Author Topic: Tiny Murano Dish  (Read 2388 times)

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Offline Lily of the Valley

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Re: Tiny Murano Dish
« Reply #10 on: November 04, 2010, 12:43:55 PM »
Tam Bam, both pieces are very nice.  Your plate really pops, and, yes, I found the "M".  (Wish I had found one on mine.)  I also noted the label.  Your pendant is beautiful!  Do you wear it often?

Lily :hi:


Offline Artofvenice

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Re: Tiny Murano Dish
« Reply #11 on: November 05, 2010, 10:59:43 AM »
Hi,
you can't imagine how many of these plates I sold between between the 1995 and the 2000!
I can tell you some name of the possible producers: Ragazzi, Tiozzo, Trevisan, Mosaico Veneziano.
Moretti, with his name and history, is on an higher price range and they sell a lot less in quantity.
For this style of multicolor murrina composition, they use standard murrina canes, that they can buy just ready cutted in small pieces to be use immediately. Therefore for these plates is very hard to say who is the company, due to the murrinas are the same.
May be that you can check the finishing (coldwork). Probably the Tiozzo ones are more "hand finished" (Claudio Tiozzo is a very good coldworker), the Ragazzi and Trevistan ones are really similar, and the Mosaico Veneziano productions are a little cheaper.
There are also other companies, but these four names had the 80% of the market for these productions during the last 15 years and they are still in production.
PS. Ragazzi and Trevisan in the last 7-8 years should feature the official "Murano mark". I'm not sure if Tiozzo is in the consortium and for sure Mosaico Veneziano is not.

Ciao

Alex
www.artofvenice.com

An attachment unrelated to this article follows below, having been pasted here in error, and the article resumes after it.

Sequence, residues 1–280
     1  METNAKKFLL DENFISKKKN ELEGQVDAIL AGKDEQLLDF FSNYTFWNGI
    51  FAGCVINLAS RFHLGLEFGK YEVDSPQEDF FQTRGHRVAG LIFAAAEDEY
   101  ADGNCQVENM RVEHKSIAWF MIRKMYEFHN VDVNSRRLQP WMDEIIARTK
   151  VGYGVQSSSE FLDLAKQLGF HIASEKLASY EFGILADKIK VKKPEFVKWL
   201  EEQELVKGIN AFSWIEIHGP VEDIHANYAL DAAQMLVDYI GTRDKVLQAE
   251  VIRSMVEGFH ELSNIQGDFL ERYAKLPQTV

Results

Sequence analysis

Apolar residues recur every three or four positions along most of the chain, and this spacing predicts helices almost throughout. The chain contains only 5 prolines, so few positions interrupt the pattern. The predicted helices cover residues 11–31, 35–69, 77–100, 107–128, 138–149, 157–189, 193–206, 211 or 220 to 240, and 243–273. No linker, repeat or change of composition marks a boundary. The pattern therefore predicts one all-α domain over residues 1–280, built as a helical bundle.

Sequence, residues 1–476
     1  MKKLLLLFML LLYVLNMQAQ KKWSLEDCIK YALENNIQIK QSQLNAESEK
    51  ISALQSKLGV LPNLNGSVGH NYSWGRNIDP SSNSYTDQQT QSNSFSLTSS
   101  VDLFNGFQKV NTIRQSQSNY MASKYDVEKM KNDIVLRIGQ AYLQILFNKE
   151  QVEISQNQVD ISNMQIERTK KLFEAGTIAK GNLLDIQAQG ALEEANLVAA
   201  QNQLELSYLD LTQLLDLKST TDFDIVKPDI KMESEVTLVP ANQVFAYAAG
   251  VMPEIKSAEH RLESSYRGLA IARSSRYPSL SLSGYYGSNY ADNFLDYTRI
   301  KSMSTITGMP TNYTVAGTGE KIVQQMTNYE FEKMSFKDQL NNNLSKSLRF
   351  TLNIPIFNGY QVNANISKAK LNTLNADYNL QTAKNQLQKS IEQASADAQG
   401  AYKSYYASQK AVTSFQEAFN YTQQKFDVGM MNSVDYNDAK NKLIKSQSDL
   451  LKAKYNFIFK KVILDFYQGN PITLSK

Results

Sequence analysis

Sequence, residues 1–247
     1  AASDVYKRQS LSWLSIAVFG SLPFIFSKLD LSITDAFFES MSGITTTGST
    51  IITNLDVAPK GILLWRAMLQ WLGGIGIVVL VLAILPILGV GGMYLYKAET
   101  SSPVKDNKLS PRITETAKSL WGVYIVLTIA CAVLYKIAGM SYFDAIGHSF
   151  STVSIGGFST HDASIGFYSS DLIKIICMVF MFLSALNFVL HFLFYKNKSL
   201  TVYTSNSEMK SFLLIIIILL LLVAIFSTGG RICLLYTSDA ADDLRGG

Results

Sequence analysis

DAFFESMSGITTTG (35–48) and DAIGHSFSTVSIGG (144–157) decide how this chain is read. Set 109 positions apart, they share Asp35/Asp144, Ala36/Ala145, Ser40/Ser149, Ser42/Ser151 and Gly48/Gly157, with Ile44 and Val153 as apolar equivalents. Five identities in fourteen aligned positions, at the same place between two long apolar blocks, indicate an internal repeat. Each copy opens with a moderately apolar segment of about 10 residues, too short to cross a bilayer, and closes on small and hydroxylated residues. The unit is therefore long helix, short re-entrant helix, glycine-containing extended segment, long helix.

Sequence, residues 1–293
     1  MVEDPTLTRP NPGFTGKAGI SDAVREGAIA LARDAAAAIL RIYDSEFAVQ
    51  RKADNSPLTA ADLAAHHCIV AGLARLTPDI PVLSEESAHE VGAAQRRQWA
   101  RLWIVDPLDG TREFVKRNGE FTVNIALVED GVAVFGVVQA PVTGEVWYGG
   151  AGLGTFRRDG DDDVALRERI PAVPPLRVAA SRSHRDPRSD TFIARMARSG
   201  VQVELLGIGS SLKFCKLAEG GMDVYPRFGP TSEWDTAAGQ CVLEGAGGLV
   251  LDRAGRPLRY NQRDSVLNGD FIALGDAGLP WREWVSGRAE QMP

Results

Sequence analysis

Offline Lily of the Valley

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Re: Tiny Murano Dish
« Reply #12 on: November 05, 2010, 11:37:55 PM »
Buon Giorno, Alex.

I appreciate your help with this little plate.  May I ask, please, the terms to use when describing "coldwork"?  What do I look for to determine better or lesser quality?

Grazie .... Lily  :) 



Offline Artofvenice

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Re: Tiny Murano Dish
« Reply #13 on: November 06, 2010, 12:34:50 AM »
Hi Lily,
with coldwork I mean all the different works on cold glass (like engraving, polishing, cutting, sandblasting...).

This piece was made by fusion of a composition of several small glass pieces on an electric kiln. Doing this you will have a flat and clean surface on the top side and a rough surface on the lower side.

As you can see on your plate the two sides features instead a similar level of opacity and finishing. This is due to they are "coldworked". I can't be sure at 100%, but this finshing was made by a polishing tape and a polishing wheel passing the plate on. On the lower rough side it will clean it, on the upper side it will glaze it, up to have the same level of translucent effect.

This is a photo of a friend who is also a great coldworker and he take care of the finishing of my own pieces:


And these are two examples of coldworks on my pieces:
Buccia d'arancia (typical of Venini)


Inciso and carved


Sincerely

Ale
www.artofvenice.com


Offline misha

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Re: Tiny Murano Dish
« Reply #14 on: November 06, 2010, 12:54:59 AM »
Also Ercole Moretti uses a small murrine (usually clear) with an "M".  

http://www.fossilfly.com/mm5/merchant.mvc?Session_ID=f55ceda4399de511f1735563a1b696ac&Screen=PROD&Store_Code=FI&Product_Code=ACP-3-LGR&Category_Code=AccentPlates



*from that link*   this plate has Moretti's trademark "M" within the glass showing its authenticity.

 :24:

Honestly... if the Chinese can counterfeit microscopic security threads placed in collectable USA banknotes, does anyone really believe the 'M' detail is a proof of authenticity?

Sorry, to me, that just stood out as way too optimistic and if your interested in rooting out forgeries you won't deny it.